Second, there are curricula and programmes that contribute to the intent of the SDGs, or a singular SDG. These programmes and specific learning activities allow students to acquire the knowledge and skills needed to promote sustainable development, usually in their discipline. For example, offerings in environment science with specialisations in climate change and adaptation could reasonably be aligned to delivering on SDG 7 (clean energy) and SDG 13 (climate action). Similarly, a programme on health science and promotion could be identified with SDG 3 (good health and well-being).
Third, a more complex, daunting ask of the academy – transformative sustainability education embedded across all programmes of an institution. Education for Sustainability (EfS), otherwise known as Education for Sustainable Development (ESD), is a pedagogical approach that encompasses transformative learning, values and worldviews, systems and complex thinking, envisaging a better future, and becoming change-makers. Pedagogies that create EfS competencies focus on what a graduate can do as much as on what they learn. They aim to develop graduates who can critically envisage better futures and take action towards it. At their core, such sustainability competencies are reflective of the “head, heart and hands” approach of several educational philosophies and thought of as whole-person learning: cognitive, socio-emotional, affective. Learning for EfS is transdisciplinary, collaborative, participatory and action-oriented.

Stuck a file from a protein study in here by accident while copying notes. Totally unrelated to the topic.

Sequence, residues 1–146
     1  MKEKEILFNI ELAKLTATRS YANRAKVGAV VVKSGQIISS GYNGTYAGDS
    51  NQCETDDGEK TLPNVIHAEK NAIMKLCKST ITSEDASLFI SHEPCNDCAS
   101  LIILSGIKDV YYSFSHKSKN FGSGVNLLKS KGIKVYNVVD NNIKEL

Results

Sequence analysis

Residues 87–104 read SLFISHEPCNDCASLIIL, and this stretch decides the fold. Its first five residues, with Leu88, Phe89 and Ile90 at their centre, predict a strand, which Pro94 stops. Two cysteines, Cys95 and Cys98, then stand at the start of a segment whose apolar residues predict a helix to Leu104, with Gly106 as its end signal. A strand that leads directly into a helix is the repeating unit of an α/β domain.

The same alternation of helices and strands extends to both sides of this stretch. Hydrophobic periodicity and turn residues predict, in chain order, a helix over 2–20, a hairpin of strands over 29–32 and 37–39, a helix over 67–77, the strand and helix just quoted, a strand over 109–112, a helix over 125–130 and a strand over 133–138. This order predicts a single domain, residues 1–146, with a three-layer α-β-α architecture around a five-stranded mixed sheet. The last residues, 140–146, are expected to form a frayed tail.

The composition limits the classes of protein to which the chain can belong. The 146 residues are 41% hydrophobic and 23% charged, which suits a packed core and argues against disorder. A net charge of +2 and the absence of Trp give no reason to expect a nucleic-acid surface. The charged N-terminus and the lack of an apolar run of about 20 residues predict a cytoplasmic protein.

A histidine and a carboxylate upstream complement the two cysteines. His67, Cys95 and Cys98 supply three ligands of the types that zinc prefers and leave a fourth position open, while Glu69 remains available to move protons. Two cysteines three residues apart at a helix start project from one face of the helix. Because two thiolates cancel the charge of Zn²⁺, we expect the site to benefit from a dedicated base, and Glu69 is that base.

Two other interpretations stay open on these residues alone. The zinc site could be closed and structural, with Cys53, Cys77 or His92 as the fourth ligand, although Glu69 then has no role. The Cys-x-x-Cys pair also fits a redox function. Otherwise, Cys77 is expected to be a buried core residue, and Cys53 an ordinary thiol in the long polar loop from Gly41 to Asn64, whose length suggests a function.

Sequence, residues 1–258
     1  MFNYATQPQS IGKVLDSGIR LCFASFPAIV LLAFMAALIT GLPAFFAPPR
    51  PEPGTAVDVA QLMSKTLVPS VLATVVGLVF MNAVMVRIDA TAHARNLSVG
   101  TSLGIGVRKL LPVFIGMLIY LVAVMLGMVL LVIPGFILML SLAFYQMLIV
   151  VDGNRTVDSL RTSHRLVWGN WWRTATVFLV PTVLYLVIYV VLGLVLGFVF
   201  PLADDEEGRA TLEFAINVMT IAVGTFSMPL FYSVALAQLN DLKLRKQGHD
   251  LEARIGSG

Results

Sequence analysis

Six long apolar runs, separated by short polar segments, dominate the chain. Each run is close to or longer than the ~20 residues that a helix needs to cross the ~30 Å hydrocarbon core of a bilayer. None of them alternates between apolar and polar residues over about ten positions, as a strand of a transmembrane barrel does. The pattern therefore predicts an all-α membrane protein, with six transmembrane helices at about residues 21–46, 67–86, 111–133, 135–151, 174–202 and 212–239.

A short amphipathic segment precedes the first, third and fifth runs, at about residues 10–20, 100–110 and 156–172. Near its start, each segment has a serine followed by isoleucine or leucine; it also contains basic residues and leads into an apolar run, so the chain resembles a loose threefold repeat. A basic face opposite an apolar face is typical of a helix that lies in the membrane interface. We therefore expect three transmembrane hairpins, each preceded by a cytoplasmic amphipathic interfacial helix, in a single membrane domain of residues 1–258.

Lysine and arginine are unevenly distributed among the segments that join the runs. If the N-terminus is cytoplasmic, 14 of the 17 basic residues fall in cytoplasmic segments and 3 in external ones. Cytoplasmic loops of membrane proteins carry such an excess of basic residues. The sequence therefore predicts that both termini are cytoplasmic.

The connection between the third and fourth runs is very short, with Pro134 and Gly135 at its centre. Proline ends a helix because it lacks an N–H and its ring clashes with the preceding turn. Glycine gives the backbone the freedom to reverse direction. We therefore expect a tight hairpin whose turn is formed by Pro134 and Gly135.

|Thinking ethically, critically and creatively to apply a systems and futures thinking perspective to problems and opportunities underpinned by an understanding of fundamental ecological principles.
|Respecting and valuing multiple perspectives from a diversity of people, values and worldviews (a socio-cultural literacy) and taking a deep appreciation of and reconnection with environment and place - the more-than-human along with the human.
|Engaging in practical and effective action and applying ecological knowledge to the practice of ecological design.
Acknowledging that sustainability is not a state nor an end point, but a practice and an ethic, there are a number of guiding principles that underpin this whole of person learning. We need – now more than ever – leaders who are able to: